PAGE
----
Only Angels Have Wings received good reviews on its release, with Abel Green of Variety comparing it favorably to Flight From Glory and praised Barthelmess's performance. Frank S. Nugent in his review for The New York Times focused on the excitement found in the aerial scenes, also recognizing the talents of the star-studded cast, "Mr. Hawks has staged his flying sequences brilliantly ... He has made proper use of the amiable performing talents of Mr. Grant, Miss Arthur, Thomas Mitchell, Mr. Barthelmess, Sig Rumann and the rest."
Two weeks after the film's premiere, Only Angels Have Wings was adapted as a radio play for the May 29, 1939, broadcast of Lux Radio Theater. The film's principal actors Cary Grant, Jean Arthur, Rita Hayworth, Richard Barthlemess and Thomas Mitchell all reprised their roles, alongside several others. Orson Welles headlined a radio adaptation on The Campbell Playhouse on February 25, 1940, that starred Welles and Joan Blondell.
Awards and honors
Only Angels Have Wings was nominated for two Academy Awards: Joseph Walker for Best Cinematography, Black-and-white, Roy Davidson and Edwin C. Hahn for the first-time Best Effects, Special Effects.
Only Angels Have Wings has become thought of as one of Hawks's best films, with Dave Kehr calling it the "equilibrium point" of Hawks's career, bridging themes developed in his early films of the 1930s to some of his darker films of the 1940s and 1950s. Film critics at Cahiers du Cinema also praised the film in the 1950s as a quintessential support of the auteur theory.
In a 1972 interview, Arthur remarked of her reaction to her co-star on Only Angels Have Wings, "I loved sinking my head into Cary Grant's chest".
Originally, an attempt to remake of the Hawks film came from producer "Stuart Cohen", who was going to set it up for John Carpenter to direct with Bill Phillips writing the script, as well as Kurt Russell starring as Cary Grant's character. However, a Columbia executive said to them "You guys want to make a career out of f***ing up Howard Hawks movies?", which ultimately put the project in a demise.
- List of misquotations: In one scene, Cary Grant calls after Hayworth's character by saying, "Judy, Judy." This is the closest he ever came on film to the misquotation associated with him: "Judy, Judy, Judy".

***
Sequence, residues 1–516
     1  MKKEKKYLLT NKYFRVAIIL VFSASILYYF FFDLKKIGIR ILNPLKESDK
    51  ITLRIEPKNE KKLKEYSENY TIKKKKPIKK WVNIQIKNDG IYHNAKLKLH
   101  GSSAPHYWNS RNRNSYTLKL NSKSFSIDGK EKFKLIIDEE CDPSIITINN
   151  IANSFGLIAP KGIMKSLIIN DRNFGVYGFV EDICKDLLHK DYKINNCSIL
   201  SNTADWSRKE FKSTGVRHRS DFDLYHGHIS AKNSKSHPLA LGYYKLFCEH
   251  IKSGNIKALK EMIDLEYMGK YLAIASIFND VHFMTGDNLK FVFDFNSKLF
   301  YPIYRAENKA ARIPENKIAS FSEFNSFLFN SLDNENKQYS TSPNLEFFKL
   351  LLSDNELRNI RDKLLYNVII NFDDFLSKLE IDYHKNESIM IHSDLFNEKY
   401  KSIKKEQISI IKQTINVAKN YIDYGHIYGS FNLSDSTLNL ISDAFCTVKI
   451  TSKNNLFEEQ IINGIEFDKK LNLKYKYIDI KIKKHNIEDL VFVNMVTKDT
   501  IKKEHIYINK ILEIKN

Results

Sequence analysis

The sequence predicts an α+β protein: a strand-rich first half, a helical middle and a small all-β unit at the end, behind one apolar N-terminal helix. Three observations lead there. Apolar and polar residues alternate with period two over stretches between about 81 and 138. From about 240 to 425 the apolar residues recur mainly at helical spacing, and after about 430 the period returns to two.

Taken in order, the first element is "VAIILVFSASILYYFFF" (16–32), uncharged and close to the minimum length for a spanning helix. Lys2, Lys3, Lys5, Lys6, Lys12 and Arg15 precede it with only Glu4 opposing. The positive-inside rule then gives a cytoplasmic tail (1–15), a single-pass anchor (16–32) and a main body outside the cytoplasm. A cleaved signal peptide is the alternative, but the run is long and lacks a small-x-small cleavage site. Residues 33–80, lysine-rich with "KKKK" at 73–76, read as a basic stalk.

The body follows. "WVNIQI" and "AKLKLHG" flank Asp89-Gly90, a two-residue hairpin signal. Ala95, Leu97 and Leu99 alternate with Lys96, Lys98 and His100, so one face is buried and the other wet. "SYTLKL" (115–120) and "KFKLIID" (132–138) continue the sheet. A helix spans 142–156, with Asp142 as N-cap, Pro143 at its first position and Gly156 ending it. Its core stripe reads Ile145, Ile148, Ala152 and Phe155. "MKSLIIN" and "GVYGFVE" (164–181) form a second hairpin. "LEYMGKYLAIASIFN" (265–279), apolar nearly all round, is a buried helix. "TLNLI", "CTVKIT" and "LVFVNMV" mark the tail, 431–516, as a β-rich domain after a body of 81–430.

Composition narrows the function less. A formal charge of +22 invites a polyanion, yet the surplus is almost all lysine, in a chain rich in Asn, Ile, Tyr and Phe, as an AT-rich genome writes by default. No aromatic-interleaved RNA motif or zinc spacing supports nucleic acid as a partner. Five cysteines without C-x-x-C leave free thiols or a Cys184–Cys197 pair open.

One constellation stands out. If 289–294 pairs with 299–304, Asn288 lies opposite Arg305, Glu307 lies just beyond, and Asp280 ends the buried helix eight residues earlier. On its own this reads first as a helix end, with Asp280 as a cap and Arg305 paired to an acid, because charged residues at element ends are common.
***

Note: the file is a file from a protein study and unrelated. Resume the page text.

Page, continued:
- List of films with a 100% rating on Rotten Tomatoes, a film review aggregator website
- Frankel, Mark. "Articles: Only Angels Have Wings (1939)." Turner Classic Movies. Retrieved: October 22, 2012.
- "2017 National Film Registry Is More Than a 'Field of Dreams'". Retrieved December 13, 2017.
- "Credits: Only Angels Have Wings (1939)." Turner Classic Movies. Retrieved: October 22, 2012.
- "Full Cast & Crew: Only Angels Have Wings (1939)." Internet Movie Database Retrieved: September 23, 2016.
- "Notes: Only Angels Have Wings (1939)." Turner Classic Movies. Retrieved: October 22, 2012.
- McCarthy 1997, pp. 266–267.
- McCarthy 1997, p. 268.
- McCann 1997, p. 149.
- Eliot 2005, p. 196.
- McCarthy 1997, p. 270.
- McCarthy 1997, p. 271.
- McCarthy 1997, p. 272.
- Oller 1997, p. 112.
- McCarthy 1997, p. 274.
- " 'Only Angels Have Wings' Model Plane." Roadshow Archive, 2008. Retrieved: October 22, 2012.
- Harwick and Schnepf 1989, p. 60.
- McCarthy. p. 275.
- Nugent, Frank S. "Howard Hawks's 'Only Angels Have Wings'." The New York Times, May 12, 1939.
- McCarthy. pp. 275.
- Only Angels Have Wings, retrieved 2018-03-07
- "The Campbell Playhouse: Only Angels Have Wings". Orson Welles on the Air, 1938–1946. Indiana University Bloomington. February 25, 1940. Retrieved 2018-07-31.
- "The 12th Academy Awards (1940) Nominees and Winners." oscars.org. Retrieved: June 16, 2013.
- McCarthy 1997, p. 276.
- Flatley, Guy. "From Mr. Deeds Goes to Town to Miss Arthur Goes to Vassar; Miss Arthur Goes to Vassar." The New York Times, May 14, 1972.
- Stuart Cohen: Ask me anything about John Carpenter's The Thing
- Eliot 2005, p. 197.
- Eliot, Marc. Cary Grant: The Biography. New York: Aurum Press, 2005. ISBN 1-84513-073-1.
- Harwick, Jack and Ed Schnepf. "A Viewer's Guide to Aviation Movies". The Making of the Great Aviation Films, General Aviation Series, Volume 2, 1989.
- McCann, Graham. Cary Grant: A Class Apart. London: Fourth Estate, 1997. ISBN 1-85702-574-1.
- McCarthy, Todd. Howard Hawks: The Grey Fox of Hollywood. New York: Grove Press, 1997. ISBN 0-8021-1598-5.
- Oller, John. Jean Arthur: The Actress Nobody Knew. New York: Limelight Editions, 1997. ISBN 0-87910-278-0.
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- "Judy, Judy, Judy" FAQ